Why Mahler, indeed?

I have just received my own copy of Norman Lebrecht’s classic book on Gustav Mahler, called “Why Mahler?”  I borrowed the book often from the library, but realized not long ago that my relationship with it had gone beyond the point of being able to hand it back.  I needed my own copy that I could tag and mark up.  It is that good.

Reading Mr. Lebrecht’s introduction made me think once again of my own introduction to Mahler and his music.  Though I had heard of him, known he was labelled the ‘prophet of doom’, and had written a lot of very sad music, I never sought Mahler out during the years when I borrowed every classical record available from our local library.  Too dense, too intense.  I was afraid of it.  And rightly so.

But then life dealt me and my family a nasty jolt.  A family member nearly died by their own hand.  It took years for me to even be grateful they had survived.  Such was the tortuous and snarled world of ‘mental illness’.  It was as though one fell off a tightrope into depression or unmanageable anxiety. There was simply nothing good about it.  In this case, it had become my conviction that another family member may have even bullied and traumatized this person into having a breakdown.  The possibility of the threat of a near-by predator became just as terrifying as that of the events that unfolded.  There was no way out.  There was simply ‘down’.  I felt isolated.  I lived by music.  I immersed myself in whatever called to me, and always found myself strengthened and somehow less helpless.  But I lived alone with all my thoughts and concerns over these family events for some time, dragging them around with me like a heavy tail I could feel but not see.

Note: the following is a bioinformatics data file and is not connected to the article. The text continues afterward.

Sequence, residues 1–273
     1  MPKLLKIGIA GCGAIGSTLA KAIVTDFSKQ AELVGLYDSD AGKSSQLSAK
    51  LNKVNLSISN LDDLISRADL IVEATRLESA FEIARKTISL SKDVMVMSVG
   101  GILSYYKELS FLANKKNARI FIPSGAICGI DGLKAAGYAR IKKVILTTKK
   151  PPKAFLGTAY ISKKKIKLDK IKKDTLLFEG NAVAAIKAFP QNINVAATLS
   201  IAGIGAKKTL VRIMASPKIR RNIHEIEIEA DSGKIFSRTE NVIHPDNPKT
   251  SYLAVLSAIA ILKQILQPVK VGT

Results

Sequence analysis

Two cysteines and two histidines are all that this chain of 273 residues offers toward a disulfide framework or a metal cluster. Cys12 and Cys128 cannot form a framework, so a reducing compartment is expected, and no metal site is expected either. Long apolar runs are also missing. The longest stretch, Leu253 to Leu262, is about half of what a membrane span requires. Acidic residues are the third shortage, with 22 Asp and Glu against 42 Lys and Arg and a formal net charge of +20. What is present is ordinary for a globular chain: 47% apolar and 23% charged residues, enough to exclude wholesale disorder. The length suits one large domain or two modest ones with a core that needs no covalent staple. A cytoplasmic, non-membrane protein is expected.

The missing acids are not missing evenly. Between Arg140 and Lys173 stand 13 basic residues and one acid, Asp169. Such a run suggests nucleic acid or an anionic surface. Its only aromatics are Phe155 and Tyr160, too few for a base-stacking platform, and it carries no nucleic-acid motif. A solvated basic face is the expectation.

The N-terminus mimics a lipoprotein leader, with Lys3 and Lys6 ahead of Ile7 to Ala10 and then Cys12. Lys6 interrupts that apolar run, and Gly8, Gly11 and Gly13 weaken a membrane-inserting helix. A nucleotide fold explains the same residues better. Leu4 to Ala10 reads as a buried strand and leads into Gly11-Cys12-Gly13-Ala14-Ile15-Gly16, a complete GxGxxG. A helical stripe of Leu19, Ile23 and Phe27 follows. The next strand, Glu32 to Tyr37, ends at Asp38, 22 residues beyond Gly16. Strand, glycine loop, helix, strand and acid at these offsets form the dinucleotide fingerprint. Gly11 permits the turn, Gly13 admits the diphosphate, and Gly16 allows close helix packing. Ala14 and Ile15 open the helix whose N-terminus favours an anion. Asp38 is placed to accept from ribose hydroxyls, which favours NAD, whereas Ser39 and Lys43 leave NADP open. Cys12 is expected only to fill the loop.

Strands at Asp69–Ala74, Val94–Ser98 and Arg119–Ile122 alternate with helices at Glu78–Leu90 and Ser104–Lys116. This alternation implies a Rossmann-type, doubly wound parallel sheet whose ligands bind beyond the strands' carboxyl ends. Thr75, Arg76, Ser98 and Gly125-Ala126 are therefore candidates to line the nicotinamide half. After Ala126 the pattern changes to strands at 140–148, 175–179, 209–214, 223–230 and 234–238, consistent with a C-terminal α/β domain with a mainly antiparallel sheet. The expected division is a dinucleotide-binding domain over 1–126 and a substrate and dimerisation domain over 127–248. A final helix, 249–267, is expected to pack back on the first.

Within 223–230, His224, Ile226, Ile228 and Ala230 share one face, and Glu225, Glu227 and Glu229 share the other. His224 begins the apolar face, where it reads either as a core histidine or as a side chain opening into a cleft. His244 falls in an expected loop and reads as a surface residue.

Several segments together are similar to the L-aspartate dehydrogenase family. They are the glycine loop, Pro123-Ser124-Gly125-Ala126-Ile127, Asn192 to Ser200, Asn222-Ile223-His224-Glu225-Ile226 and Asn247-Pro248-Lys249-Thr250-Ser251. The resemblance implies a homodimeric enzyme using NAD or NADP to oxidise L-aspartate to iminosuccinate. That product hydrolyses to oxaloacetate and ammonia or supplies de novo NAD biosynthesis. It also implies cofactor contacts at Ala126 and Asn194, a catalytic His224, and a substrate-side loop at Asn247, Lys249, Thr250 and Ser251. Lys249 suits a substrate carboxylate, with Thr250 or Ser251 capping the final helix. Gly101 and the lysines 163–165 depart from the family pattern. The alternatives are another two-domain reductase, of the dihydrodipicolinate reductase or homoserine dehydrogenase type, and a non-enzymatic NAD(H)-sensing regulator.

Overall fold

But then I happened upon a coffee concert at the Minnesota Orchestra long ago.  In its pre-Vanska days I was unable to enter the hall with anticipation of anything more than hearing mostly war horses played with just about every bad musical habit known to man.  So I sighed and prepared to grit my teeth once again, as the concert began.  I had not completely given up hope, however, that they might this one time play together with a cohesive sound.